That’s what I did with Death Is Certain, but I didn’t plan to. It was like I was stuck in that mode. I was going through so much. We actually did that album, me and Six July, we did that album in like two weeks. Six of those songs I did within the first couple of days. That was the first batch of beats he played me. I remember they went to the titty bar, and I was just writing all of them. Knocking them down real quick. It was like, so much on my mind, I don’t even think I was focused on being super lyrical. [laughs] I was just spilling. Just spilling shit. And I was super drunk.
For the album to have that type of reaction, to resonate with people like that…It just gave me an idea– when we come in the game, everything is trial and error. It’s going to be from making mistakes. Death Is Certain was a situation where I learned from something that was successful. Most of the shit I know now, I learned from making mistakes. Most of my valuable lessons came from making mistakes.
How do you follow up on an album like Book Of Ryan? You’ve opened up so much, told so many chapters of your story. Are there still untold stories?
I never know how my memory is going to work. I’m the type of person to be sitting at a computer and have an odd, bizarre memory pop into my head that I haven’t had since I was a child. If there’s ever anything worthy of writing about or sharing with people, I don’t hesitate. I spend most of my time in the studio anyway. I try not to do too much of that type of thinking, like how do I try to follow up Book Of Ryan. I try not to get in my own head like that.
I like to think I got everything out that I wanted to get out, in terms of myself. The way I was brought up, my whole personal story. You’d hope to nail that if you’re going to go there. Shit, hopefully I won’t even feel the need to get personal no more! Hopefully, you can get everything you need about me from that album if I hit my mark. That was the plan.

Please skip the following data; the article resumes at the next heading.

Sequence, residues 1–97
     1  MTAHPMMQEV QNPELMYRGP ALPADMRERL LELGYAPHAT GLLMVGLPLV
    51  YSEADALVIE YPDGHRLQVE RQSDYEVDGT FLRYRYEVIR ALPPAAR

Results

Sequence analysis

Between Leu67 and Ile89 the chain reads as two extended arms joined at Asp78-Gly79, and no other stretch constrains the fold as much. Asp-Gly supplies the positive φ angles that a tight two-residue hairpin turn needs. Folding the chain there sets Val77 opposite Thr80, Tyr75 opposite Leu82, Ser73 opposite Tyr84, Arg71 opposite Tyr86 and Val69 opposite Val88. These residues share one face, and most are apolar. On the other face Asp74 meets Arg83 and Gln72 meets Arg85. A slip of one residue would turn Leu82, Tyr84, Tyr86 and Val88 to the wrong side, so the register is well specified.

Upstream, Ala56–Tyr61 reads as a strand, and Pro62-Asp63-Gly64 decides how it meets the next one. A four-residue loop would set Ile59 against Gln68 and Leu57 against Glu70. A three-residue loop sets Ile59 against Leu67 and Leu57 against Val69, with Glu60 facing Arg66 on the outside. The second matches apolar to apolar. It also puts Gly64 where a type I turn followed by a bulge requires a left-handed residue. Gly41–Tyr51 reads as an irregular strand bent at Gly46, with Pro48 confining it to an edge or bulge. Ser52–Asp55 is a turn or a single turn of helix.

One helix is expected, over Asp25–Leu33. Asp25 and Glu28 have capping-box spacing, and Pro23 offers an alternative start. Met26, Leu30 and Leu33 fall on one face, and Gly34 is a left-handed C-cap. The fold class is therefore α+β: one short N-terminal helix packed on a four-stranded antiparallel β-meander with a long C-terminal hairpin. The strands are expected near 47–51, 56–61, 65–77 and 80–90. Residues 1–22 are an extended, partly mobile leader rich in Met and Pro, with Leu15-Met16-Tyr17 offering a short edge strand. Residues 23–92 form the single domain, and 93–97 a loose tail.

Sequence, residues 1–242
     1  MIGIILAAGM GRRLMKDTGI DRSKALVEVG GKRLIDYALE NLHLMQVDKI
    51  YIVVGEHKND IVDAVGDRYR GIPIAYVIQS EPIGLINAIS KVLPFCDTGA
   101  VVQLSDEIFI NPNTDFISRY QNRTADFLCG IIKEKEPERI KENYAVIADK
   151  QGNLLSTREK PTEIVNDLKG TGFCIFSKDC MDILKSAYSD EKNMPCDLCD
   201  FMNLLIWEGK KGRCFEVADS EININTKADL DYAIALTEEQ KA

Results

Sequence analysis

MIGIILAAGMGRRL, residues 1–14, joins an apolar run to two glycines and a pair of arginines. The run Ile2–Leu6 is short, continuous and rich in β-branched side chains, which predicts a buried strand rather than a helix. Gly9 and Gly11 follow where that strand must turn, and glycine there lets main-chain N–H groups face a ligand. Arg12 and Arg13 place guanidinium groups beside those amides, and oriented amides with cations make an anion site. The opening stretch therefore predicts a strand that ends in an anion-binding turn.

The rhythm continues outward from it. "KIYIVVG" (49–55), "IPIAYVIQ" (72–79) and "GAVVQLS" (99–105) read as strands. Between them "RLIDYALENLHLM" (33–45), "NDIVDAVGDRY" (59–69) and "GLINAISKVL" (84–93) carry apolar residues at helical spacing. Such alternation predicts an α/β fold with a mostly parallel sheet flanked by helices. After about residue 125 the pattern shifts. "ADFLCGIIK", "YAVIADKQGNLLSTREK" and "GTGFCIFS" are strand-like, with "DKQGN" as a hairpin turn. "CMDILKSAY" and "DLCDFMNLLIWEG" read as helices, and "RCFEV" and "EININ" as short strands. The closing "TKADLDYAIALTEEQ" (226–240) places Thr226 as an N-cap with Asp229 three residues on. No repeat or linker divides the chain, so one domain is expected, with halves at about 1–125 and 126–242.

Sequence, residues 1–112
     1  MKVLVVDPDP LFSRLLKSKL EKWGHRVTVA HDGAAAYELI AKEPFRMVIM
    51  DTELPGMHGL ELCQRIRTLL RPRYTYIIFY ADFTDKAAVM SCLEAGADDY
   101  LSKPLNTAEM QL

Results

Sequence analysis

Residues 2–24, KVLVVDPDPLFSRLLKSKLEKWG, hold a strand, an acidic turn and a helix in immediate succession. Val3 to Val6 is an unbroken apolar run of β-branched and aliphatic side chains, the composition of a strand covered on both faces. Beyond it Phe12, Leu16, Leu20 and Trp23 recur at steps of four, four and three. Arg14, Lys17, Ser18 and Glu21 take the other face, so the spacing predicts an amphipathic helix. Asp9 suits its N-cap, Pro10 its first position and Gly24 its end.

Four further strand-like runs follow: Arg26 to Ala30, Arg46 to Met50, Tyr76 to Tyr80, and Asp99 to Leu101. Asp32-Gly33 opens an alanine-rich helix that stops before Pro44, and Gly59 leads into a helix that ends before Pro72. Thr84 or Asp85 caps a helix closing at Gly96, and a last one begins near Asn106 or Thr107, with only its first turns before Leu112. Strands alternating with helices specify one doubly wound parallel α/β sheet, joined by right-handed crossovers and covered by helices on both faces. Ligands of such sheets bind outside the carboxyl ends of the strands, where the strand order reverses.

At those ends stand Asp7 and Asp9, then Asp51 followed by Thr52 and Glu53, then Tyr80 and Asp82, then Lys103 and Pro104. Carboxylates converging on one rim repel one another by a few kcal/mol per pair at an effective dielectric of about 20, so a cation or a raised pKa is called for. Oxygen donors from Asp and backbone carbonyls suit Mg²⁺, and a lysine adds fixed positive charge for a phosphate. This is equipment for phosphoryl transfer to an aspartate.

I like to move away from the very personal stuff. It’s a good time for me to start being a little bit more informative. Start thinking about the next generation of artists. About things that bother me, things I’m happy about. Things going on in the world. Being a bit more responsible. It’s a time in music, and for anybody with a platform, to be cognisant about being responsible right now.
Our culture– black people– we have an information problem. There’s a disconnect. There’s a lot of things we all don’t know, especially coming into the music business. People basically monetize off your ignorance, your lack of knowledge. The cycle will continue to repeat itself if the OGs and the people in the know don’t start sharing information. I feel that’s very important right now. That’s where I’ve been mentally.
I’m looking forward to it. I’m always eager to hear new music from you! On that note, it’s safe to say the people are fiending for some new Bad Meets Evil, just going to throw that out there…
[Laughs] Yeah, that’s always fun to do man. I love working with Marshall. He’s just funny. Cool as hell and we always have a great time. Marshall and Preem, those two dudes, I’ll drop whatever I’m doing within reason to get in there with them. It’s always a good time, and we always come up with something. Everybody can’t collaborate. When you genuinely like somebody, it’s way easier.
Usually, we can come up with something that people really like. I’ve worked with a lot of producers but when I get with Primo, people really seem to like it when I link with him. There’s something about that dynamic. I think the reason why is because the music is a reflection of the vibe, and the vibe is always great.
Especially with you and Em, there’s this mischevious energy. One of my favorite tracks from you guys is “All I Think About.” A great display of your chemistry, hilarious, so many bars.
We was in there cracking up laughing doing that song. We challenge each other with the back and forth shit. He’ll go in, do a certain amount of bars, and stop. We try to finish connecting each other’s syllables to continue the scheme. You know Marshall — not only is he rhyming the ending syllable of the sentences, he’s rhyming every syllable during the sentence too. Whole lines sound identical to each other.
You’re just as nice though. You said “sit the fuck down and have some babies” on that track.
[Laughs] Aw man, that’s funny. Yeah buddy!